Abstract and Keywords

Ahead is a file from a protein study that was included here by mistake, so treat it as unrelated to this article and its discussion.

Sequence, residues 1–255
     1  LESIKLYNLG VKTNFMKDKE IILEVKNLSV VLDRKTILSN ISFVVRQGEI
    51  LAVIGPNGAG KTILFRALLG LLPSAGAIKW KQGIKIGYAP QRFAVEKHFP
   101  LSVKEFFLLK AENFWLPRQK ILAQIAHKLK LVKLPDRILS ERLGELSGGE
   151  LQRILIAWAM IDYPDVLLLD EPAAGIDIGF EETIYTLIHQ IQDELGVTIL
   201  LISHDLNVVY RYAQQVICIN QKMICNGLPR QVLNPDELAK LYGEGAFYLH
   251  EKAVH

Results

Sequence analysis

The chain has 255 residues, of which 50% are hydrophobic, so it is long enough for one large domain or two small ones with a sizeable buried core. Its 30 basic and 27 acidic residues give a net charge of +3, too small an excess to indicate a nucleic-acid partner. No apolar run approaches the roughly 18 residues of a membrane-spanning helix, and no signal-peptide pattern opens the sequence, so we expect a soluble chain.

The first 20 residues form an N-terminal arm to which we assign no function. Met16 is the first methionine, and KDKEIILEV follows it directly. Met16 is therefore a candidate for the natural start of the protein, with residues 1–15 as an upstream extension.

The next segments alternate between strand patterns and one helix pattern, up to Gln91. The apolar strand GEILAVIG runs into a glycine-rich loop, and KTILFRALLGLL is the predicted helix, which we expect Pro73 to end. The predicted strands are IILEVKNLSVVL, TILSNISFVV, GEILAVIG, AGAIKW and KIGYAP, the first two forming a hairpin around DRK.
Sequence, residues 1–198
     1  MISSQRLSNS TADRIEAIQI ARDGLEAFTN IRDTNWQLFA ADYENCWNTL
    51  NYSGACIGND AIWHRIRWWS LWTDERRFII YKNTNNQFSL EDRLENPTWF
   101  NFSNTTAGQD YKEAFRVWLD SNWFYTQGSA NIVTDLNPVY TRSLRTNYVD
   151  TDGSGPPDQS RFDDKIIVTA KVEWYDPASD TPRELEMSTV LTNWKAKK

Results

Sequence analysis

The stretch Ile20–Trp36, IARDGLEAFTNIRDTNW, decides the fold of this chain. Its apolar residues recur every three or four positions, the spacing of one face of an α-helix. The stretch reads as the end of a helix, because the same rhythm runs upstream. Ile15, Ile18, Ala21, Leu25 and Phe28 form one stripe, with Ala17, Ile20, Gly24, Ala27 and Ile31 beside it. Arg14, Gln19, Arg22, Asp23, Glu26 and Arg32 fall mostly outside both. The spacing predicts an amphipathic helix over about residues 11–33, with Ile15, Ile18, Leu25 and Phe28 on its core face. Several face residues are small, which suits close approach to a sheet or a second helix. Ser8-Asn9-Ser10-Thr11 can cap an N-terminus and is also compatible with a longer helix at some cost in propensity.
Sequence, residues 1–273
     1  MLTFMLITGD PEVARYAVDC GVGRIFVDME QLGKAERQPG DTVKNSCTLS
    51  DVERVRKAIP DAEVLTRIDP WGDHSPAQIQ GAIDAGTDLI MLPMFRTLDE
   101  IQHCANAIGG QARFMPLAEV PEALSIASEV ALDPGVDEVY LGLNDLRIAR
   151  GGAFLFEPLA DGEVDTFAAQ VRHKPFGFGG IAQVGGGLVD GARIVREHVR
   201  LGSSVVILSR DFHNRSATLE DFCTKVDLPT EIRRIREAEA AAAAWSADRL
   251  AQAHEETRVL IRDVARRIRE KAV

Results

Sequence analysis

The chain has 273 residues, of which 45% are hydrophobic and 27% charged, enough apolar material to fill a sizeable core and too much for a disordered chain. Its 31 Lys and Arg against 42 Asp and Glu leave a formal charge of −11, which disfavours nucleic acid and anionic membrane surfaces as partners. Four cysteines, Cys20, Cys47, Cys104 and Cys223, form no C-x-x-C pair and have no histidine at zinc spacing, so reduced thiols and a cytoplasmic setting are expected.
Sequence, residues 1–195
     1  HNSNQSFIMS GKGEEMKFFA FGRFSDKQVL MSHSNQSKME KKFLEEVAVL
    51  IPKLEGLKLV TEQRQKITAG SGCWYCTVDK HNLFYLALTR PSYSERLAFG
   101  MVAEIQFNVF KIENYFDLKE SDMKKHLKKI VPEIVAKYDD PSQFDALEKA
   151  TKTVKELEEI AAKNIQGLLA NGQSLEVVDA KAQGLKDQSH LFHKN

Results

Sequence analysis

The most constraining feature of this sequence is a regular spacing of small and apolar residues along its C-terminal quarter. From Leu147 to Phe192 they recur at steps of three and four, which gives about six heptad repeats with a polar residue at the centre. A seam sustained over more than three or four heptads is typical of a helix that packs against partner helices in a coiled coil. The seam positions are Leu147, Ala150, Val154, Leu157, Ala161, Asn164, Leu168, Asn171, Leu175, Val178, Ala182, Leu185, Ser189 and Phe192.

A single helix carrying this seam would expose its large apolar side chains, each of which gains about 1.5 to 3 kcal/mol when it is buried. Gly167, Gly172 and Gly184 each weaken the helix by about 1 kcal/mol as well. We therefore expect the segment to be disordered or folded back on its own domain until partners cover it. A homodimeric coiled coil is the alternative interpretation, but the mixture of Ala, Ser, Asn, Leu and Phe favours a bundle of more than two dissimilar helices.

This article suggests that the governance of science and technology (S and T) is characterized by three sets of persistent tensions. These are the tension between the self-organization of S and T and the politics of purpose; the tension between hierarchy, network, or market forms of organizing interactions; and the tension between the role of citizens and that of scientific experts in the decisions about collective problems and solutions involving science and technology. The article analyses each tension and the way they fit into the general claim of a gradual shift from government to governance by looking at the features of their institutional arrangements and the changes in the patterns of state authority in the field of science and technology. It also considers the argument that there is a growing heterogeneity and hybridity of the institutional arrangements addressing these increased governance tensions.
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